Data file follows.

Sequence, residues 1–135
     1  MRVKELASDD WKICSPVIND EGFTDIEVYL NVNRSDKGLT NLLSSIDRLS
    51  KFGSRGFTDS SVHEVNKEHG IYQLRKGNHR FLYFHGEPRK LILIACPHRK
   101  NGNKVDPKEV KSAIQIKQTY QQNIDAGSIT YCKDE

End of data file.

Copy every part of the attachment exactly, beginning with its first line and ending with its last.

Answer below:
Sequence, residues 1–135
     1  MRVKELASDD WKICSPVIND EGFTDIEVYL NVNRSDKGLT NLLSSIDRLS
    51  KFGSRGFTDS SVHEVNKEHG IYQLRKGNHR FLYFHGEPRK LILIACPHRK
   101  NGNKVDPKEV KSAIQIKQTY QQNIDAGSIT YCKDE